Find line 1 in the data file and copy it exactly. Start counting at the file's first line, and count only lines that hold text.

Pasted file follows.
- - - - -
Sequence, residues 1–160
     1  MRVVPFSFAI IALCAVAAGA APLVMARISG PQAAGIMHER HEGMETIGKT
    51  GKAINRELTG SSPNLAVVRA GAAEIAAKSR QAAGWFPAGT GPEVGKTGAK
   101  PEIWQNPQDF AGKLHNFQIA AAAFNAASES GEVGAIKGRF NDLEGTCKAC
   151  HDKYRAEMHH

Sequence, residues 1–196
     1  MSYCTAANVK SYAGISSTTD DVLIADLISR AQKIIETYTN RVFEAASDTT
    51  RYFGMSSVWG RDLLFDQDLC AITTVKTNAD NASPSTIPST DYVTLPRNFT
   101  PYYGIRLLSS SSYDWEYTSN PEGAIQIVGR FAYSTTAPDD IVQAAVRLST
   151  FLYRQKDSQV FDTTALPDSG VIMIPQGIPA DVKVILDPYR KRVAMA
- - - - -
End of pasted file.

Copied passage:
Sequence, residues 1–160